warriorchick

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Re: How concerning is this?
« Reply #190 on: September 11, 2019, 12:42:35 PM »
I'm sure it's challenging and expensive but if they truly want to be the "National University" that they claim to want to be, they need to figure out a way.  Diversity is more than just racial and socio-economic.  Geographic diversity is important as well and I know it's not a high priority for them, but if the pool of college age students will  be shrinking as much as they say, especially in the upper midwest, they have to figure out a way to both grow and maintain quality of the applicant pool.

In the 70's (I assume for obvious reasons) almost 40% of the student body hailed from the Northeast and Mid Atlantic region.  It remained that way until the mid 80's but there was a precipitous decline starting around 1986 and it never recovered.   The 2003 Final Four run provided a brief respite in the early 2000's but those gains were not short lived, and the damage had already been done.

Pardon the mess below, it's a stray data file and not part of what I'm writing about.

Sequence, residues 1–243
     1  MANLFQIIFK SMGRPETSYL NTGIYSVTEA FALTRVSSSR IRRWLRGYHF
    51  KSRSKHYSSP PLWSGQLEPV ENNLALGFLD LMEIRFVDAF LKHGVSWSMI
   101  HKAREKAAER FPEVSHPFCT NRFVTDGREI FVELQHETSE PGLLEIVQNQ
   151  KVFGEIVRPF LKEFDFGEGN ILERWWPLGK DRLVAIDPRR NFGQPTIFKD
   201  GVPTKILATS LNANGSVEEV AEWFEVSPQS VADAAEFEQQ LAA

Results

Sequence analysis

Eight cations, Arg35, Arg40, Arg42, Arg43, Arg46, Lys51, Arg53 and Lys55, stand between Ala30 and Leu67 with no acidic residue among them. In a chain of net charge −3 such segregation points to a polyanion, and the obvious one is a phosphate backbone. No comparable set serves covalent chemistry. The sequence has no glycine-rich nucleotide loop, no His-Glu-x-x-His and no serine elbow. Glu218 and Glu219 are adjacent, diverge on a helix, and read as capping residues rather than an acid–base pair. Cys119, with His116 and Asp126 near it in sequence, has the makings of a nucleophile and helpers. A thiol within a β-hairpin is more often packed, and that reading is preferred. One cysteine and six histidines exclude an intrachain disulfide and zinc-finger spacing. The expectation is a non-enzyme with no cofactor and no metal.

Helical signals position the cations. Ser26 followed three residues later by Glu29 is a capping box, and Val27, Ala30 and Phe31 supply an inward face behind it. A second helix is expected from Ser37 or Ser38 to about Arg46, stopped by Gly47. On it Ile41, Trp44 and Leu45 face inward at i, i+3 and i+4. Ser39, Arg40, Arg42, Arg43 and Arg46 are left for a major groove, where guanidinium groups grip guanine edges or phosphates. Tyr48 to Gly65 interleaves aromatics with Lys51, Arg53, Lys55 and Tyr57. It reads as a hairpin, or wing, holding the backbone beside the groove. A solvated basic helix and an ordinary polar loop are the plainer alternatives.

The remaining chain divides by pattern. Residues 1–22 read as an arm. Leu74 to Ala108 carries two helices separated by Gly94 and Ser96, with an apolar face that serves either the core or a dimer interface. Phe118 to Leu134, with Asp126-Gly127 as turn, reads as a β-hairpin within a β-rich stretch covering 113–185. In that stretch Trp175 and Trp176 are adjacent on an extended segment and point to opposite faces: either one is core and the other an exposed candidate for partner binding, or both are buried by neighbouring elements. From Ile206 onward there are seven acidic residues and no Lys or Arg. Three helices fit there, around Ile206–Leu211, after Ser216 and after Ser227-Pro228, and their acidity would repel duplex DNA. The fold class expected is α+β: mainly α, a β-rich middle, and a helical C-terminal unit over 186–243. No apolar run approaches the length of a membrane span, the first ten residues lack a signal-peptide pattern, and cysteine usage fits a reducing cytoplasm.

There just aren't enough Alums in this area any more to help it seems.

Is this documented anywhere, or is this your guess? That sounds way high to me. 

I know that in the early-to-mid-80's, about 25% of the students were commuters.  If 40% were from the Northeast and Mid-Atlantic, that means only 35% were from everywhere else - including Chicago, Wisconsin, and the rest of the country.
Have some patience, FFS.

StillAWarrior

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Re: How concerning is this?
« Reply #191 on: September 11, 2019, 12:42:43 PM »
...but if they truly want to be the "National University" that they claim to want to be...

Honest question:  who is the "they" you're referring to in this sentence?  It seems to me that Marquette's recent focus suggests that "they" (i.e., the powers that be at Marquette) aren't really saying that "they" want to be a "National University."  Of course "they" will welcome students from all over, but the emphasis seems to be shifting to a more regional approach.